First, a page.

An important part of financial planning is preparing for the unexpected. Have you thought about what will happen if you can’t make financial or medical decisions for yourself? Have you decided what will happen to your property when you die? An annual visit to your doctor is an essential part of keeping track of your physical health. Mark Rheaume, senior wealth strategist at PNC Wealth Management says it’s just as important to keep tabs on your financial health.
“As many people age, they spend a significant amount of time before doctors — focusing on their wellness and what they are ingesting,” he says. “But we often find in the financial world, there’s not a significant amount of planning done. This not only relates to their financial matters but also their estate plan and the legacy they are going to leave.”
Rheaume highlights the three key steps when planning for death or illness:
Rheaume says solid lifetime planning involves obtaining two critical documents: a durable power of attorney and a durable power of attorney for healthcare. A durable power of attorney gives someone the power to handle financial matters for you in the event you are incapacitated. A durable power of attorney for healthcare will make sure your wishes are granted in the event you cannot make medical decisions. “They are both lifetime instruments that are really critical for people to understand so they have control of their decisions, of their life and they don’t place themselves into the hands of an institution that may not know their intentions,” he says.
Rheaume says a will and trust are also essential documents. He says many intelligent people do not understand the terms of their will and trust, how they both work together or even how tax laws affect them. Generally, both documents allow you to choose how your assets are distributed to beneficiaries.
“There are often surprises contained in wills and trusts,” he says. “We have people trying to do wills themselves online and it can bring about unintended consequences. Oftentimes people don’t understand the practical impact of decisions within their will and trust.”
Evaluate your family circumstances
Rheaume says family circumstances are one of the most dynamic aspects of financial wellness. Who have you chosen to handle financial/healthcare matters for you? What are the implications of those decisions? Whether it’s your children, siblings or friends, he says it’s important to have a serious discussion with all parties involved.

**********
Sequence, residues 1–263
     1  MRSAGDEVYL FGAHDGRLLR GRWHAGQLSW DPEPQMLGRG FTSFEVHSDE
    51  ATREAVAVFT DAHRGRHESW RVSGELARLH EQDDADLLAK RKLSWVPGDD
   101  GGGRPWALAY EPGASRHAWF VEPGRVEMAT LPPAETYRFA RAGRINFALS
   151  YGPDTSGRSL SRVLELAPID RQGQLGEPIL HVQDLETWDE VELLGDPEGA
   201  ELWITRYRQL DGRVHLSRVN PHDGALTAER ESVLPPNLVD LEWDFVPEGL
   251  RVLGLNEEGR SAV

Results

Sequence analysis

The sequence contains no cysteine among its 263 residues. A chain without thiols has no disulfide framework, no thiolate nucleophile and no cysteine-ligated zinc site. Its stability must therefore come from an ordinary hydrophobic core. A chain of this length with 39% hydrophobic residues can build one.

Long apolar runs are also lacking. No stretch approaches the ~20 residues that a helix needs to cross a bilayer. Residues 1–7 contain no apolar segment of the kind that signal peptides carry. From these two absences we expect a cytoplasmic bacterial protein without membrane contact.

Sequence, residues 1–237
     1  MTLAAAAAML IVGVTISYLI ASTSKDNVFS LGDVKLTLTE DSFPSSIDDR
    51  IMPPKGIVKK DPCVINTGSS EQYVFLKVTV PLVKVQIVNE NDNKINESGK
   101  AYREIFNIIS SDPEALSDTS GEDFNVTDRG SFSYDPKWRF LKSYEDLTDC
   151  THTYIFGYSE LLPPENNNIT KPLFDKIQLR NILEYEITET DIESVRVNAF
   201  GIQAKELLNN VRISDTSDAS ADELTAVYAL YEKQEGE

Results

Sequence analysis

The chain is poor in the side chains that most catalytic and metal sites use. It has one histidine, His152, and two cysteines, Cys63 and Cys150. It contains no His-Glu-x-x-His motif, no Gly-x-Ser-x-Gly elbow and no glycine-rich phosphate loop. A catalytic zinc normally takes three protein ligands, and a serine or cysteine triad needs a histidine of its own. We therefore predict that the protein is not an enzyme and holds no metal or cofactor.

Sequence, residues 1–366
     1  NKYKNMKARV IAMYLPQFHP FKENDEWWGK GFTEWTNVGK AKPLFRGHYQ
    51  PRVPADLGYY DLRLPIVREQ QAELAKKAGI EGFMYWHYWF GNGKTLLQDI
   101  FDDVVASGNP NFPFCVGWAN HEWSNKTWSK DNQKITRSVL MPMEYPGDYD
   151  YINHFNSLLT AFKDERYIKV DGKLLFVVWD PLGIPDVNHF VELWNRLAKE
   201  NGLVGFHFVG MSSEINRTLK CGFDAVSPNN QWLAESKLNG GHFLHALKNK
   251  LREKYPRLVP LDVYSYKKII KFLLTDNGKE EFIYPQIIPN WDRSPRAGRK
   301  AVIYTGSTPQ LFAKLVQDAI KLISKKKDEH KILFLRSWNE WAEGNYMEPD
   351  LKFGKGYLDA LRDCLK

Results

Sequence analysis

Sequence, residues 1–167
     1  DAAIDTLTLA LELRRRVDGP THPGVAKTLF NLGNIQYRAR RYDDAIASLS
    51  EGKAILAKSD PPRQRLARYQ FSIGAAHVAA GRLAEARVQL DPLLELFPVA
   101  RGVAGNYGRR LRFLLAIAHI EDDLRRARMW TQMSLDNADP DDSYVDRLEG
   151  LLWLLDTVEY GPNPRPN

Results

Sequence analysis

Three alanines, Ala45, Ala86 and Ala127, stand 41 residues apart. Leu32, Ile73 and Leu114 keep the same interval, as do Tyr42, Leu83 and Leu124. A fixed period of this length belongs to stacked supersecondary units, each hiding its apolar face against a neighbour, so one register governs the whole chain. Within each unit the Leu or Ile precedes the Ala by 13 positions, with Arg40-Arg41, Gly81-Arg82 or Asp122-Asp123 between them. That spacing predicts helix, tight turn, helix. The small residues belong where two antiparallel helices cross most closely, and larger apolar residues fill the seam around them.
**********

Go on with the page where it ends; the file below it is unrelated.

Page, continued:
“Who am I choosing to be a major stakeholder in my decisions going forward?” Rheaume says. “What are the implications of those decisions? Being appointed an executor is really not an honor because it involves significant legal, financial and emotional issues. How do they handle emotional issues? Are they empathic? Do they understand the impact not only of passing but also incapacity? What about collaboration among the beneficiaries?”
In order to have a successful estate plan, he says it’s important to take into account changes in family circumstances; as well as wealth and tax laws.
“How does it all work together?” Rheaume asks. “What is the intersection and how those decisions impact those that we leave behind?”
Update your beneficiaries
Whether it’s life insurance or an IRA, Rheaume says many assets are passed onto others by designated beneficiaries. From paid on death accounts, transfer on death accounts, deeds, and joint tenancy; he says it’s important to understand the various ways property can be transferred because it can often bring about unintended consequences. Have you named someone as your beneficiary who is subject to claims of creditors? He notes that cases like this often do not end well, as those assets could be subject to claims of creditors.
Rheaume recommends working with a financial planner and a legal professional who both understand all of the complications of estate planning.
“What is our legacy?” he asks. “How thoughtful have we been with respect to what we have accumulated and what we have left behind? People spend so much time building their estates and really managing their expenses, but ultimately not dealing with the end game.”